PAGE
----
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What is thrush and how is it related to diabetes?

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Bacteria aren't the only organisms that like sugar. So do fungi, which is why a fungal yeast infection called thrush is common in people with diabetes.

Thrush can cause white or red patches on your tongue and inside your cheeks. Sometimes, they turn into open sores.

From: How to Keep Your Mouth Healthy WebMD Medical Reference

SOURCES:

Mouth Healthy: "5 Ways Diabetes Can Affect Your Mouth."

American Diabetes Association: "Oral Health and Hygiene."

American Academy of Oral Medicine: "Diabetes Mellitus."

Sally Cram, DDS, consumer advisor, American Dental Association; periodontist, Washington, DC.

Harvard Medical School: "The aging mouth - and how to keep it younger."

Mouth Healthy: "Diabetes and Your Smile."

International Diabetes Federation: "Oral health for people with diabetes."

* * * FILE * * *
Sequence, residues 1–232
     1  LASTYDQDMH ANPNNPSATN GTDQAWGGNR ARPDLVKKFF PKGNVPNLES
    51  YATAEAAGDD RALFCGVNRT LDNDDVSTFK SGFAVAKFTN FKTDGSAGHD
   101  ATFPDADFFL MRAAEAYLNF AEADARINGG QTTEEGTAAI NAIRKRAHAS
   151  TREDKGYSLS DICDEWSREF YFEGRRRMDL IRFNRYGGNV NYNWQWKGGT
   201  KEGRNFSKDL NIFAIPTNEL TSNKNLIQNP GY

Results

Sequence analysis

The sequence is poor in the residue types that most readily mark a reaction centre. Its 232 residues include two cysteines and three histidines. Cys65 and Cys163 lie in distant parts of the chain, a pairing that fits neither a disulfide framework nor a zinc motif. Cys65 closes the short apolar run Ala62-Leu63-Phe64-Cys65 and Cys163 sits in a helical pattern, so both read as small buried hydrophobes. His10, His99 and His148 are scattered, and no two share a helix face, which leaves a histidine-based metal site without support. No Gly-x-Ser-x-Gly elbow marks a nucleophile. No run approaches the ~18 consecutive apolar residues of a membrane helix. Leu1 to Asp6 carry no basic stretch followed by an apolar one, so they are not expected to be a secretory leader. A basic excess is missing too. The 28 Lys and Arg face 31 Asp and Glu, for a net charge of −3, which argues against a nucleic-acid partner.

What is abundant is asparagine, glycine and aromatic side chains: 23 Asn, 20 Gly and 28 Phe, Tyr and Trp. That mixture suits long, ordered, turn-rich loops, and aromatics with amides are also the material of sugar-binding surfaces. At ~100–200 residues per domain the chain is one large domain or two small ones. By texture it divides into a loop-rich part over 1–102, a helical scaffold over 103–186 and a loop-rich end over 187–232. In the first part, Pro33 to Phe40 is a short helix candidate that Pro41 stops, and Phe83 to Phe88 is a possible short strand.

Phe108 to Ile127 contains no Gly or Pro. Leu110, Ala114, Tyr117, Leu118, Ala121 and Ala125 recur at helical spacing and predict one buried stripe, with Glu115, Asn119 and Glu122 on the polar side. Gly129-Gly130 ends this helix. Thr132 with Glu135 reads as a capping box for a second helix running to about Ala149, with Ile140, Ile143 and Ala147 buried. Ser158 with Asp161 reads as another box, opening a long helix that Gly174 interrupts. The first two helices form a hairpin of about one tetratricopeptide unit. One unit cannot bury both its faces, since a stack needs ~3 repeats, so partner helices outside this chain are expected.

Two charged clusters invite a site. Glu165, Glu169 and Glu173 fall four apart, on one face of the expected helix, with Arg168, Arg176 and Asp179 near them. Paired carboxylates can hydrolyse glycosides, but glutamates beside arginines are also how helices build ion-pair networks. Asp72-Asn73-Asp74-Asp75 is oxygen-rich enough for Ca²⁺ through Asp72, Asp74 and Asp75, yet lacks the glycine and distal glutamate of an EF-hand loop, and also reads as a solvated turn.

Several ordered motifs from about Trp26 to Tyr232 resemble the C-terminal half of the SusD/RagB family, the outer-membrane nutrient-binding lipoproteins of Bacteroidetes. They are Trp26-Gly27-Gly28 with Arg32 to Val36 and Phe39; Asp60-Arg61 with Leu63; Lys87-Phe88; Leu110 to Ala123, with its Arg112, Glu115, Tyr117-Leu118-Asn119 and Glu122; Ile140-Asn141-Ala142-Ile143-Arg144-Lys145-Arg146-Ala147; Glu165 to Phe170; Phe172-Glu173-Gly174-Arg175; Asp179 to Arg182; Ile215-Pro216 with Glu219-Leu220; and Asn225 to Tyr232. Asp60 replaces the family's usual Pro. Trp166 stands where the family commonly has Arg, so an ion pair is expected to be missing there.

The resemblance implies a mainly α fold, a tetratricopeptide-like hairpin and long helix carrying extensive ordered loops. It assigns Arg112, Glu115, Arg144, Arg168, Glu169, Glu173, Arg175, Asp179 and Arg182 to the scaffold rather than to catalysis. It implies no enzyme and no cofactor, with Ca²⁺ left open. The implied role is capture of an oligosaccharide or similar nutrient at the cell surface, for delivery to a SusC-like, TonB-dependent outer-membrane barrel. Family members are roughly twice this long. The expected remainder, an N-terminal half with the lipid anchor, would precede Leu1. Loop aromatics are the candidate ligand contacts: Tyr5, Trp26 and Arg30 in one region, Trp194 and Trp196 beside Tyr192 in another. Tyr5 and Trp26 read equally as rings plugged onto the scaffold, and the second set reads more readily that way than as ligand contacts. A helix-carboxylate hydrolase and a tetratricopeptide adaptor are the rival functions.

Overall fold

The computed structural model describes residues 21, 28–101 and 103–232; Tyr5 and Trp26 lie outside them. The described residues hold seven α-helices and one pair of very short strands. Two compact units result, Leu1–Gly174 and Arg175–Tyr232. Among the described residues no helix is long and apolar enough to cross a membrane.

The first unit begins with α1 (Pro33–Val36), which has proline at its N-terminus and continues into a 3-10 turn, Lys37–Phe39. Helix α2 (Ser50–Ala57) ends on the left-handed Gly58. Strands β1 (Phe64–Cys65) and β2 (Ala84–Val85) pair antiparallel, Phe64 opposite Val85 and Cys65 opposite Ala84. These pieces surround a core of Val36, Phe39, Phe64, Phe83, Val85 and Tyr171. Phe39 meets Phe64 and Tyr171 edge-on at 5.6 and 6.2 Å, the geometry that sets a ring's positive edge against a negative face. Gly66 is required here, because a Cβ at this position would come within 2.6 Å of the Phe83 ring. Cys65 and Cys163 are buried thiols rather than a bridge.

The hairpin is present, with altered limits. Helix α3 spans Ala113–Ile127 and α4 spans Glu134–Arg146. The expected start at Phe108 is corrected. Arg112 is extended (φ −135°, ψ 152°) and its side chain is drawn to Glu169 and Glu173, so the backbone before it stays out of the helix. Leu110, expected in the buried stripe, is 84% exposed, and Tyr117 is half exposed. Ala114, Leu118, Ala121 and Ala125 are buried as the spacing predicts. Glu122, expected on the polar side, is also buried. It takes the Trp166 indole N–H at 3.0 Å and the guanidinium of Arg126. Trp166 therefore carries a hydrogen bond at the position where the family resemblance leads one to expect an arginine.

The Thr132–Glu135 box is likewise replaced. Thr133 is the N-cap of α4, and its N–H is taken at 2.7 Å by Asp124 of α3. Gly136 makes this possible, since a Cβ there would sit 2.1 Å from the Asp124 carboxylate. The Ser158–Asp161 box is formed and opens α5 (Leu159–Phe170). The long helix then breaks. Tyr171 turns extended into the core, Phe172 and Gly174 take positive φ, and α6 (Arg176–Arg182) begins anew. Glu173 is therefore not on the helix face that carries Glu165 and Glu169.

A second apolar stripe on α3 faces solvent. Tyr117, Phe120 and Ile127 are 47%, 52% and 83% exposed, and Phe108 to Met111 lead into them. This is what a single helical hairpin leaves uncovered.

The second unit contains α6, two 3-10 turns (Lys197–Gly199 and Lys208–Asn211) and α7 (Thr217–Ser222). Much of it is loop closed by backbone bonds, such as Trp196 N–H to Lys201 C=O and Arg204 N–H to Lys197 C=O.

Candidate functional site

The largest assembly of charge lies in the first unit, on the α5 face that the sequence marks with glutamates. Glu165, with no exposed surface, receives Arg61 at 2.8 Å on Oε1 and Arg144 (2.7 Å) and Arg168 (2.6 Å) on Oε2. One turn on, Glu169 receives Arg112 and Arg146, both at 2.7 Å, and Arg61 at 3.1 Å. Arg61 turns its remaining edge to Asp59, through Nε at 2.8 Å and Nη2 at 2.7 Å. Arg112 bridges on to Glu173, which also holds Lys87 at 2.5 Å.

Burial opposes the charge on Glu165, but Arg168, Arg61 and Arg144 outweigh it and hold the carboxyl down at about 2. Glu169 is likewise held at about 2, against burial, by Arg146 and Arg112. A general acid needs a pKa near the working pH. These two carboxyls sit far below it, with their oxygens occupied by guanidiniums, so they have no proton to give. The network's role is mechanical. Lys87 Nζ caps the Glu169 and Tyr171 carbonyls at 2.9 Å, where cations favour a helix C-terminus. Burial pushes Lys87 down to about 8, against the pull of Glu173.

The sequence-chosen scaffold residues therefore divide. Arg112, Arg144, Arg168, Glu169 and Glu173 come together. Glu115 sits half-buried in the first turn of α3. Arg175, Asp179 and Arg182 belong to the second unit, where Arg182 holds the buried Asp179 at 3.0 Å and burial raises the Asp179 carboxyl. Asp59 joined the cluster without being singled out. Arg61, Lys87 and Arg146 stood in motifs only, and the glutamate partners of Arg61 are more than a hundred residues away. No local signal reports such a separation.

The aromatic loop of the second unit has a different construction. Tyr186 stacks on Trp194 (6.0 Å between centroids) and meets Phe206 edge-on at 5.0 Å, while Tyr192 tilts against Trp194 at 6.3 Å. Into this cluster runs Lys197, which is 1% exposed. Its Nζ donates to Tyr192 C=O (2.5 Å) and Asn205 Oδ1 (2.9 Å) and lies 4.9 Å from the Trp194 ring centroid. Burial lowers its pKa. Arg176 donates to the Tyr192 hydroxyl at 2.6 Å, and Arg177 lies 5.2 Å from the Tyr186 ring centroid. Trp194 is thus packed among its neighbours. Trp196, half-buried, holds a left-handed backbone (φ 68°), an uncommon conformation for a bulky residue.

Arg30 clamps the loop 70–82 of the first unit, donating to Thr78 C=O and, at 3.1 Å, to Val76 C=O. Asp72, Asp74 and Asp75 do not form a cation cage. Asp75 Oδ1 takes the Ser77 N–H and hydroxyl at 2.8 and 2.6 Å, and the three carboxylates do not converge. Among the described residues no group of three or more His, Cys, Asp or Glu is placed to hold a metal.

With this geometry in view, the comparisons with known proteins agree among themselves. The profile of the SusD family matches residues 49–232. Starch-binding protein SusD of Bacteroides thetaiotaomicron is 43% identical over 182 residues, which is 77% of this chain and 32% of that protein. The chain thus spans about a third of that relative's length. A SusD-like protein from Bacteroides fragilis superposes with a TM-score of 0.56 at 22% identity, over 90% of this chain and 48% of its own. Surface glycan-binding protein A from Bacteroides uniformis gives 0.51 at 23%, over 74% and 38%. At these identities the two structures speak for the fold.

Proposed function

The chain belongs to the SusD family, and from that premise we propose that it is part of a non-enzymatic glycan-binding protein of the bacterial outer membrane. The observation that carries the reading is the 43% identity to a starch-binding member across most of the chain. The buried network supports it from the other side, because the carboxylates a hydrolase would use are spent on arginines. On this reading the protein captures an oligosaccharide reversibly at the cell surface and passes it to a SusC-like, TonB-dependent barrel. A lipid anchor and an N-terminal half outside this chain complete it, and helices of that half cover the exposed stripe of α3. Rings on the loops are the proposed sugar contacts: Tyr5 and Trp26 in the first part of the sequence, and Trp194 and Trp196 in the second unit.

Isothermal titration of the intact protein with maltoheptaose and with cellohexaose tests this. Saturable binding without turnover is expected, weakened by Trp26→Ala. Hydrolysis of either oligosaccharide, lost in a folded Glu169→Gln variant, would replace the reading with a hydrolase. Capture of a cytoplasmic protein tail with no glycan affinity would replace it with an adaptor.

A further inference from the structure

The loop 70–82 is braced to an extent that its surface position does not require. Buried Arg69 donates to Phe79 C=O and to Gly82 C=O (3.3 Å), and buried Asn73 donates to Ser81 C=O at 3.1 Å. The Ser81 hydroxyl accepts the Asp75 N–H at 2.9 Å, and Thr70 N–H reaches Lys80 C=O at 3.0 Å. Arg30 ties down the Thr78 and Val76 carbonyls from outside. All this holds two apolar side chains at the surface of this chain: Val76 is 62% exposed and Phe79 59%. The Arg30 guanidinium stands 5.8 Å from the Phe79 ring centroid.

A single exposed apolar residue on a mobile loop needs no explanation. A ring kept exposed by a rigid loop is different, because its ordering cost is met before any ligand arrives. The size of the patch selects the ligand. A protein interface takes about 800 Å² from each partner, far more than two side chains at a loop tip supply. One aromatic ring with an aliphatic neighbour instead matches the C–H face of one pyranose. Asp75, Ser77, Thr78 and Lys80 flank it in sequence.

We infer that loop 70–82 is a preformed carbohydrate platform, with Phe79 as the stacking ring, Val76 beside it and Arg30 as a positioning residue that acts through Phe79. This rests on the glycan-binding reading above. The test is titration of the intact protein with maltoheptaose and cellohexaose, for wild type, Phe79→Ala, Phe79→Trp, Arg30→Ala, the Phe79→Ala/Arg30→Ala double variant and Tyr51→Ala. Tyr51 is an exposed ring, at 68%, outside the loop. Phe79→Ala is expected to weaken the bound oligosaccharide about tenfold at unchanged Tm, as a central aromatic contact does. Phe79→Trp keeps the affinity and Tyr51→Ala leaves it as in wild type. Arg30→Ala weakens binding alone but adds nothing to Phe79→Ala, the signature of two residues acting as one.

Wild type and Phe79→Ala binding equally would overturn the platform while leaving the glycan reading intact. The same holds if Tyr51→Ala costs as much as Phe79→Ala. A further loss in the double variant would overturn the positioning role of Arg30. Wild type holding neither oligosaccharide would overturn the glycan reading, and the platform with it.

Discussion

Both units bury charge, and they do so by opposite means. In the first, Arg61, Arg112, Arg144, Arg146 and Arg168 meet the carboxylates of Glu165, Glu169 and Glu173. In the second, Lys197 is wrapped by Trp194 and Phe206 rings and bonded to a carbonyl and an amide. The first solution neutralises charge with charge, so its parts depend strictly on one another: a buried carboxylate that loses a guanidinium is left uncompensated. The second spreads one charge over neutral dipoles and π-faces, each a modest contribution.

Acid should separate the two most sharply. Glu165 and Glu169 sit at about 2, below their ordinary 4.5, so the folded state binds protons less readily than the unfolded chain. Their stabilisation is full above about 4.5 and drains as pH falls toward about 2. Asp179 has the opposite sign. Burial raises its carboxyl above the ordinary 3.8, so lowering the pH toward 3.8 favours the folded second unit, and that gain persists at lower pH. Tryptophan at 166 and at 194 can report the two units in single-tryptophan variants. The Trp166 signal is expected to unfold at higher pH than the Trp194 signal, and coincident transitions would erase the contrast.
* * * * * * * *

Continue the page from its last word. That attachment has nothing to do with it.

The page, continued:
American Diabetes Association: "Gum disease and plaque."

CDC: "Take Charge of Your Diabetes."

Reviewed by Michael Dansinger on February 18, 2018

SOURCES:

Mouth Healthy: "5 Ways Diabetes Can Affect Your Mouth."

American Diabetes Association: "Oral Health and Hygiene."

American Academy of Oral Medicine: "Diabetes Mellitus."

Sally Cram, DDS, consumer advisor, American Dental Association; periodontist, Washington, DC.

Harvard Medical School: "The aging mouth - and how to keep it younger."

Mouth Healthy: "Diabetes and Your Smile."

International Diabetes Federation: "Oral health for people with diabetes."

American Diabetes Association: "Gum disease and plaque."

CDC: "Take Charge of Your Diabetes."

Reviewed by Michael Dansinger on February 18, 2018

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How can eating right help someone with diabetes?

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THIS TOOL DOES NOT PROVIDE MEDICAL ADVICE. It is intended for general informational purposes only and does not address individual circumstances. It is not a substitute for professional medical advice, diagnosis or treatment and should not be relied on to make decisions about your health. Never ignore professional medical advice in seeking treatment because of something you have read on the WebMD Site. If you think you may have a medical emergency, immediately call your doctor or dial 911.

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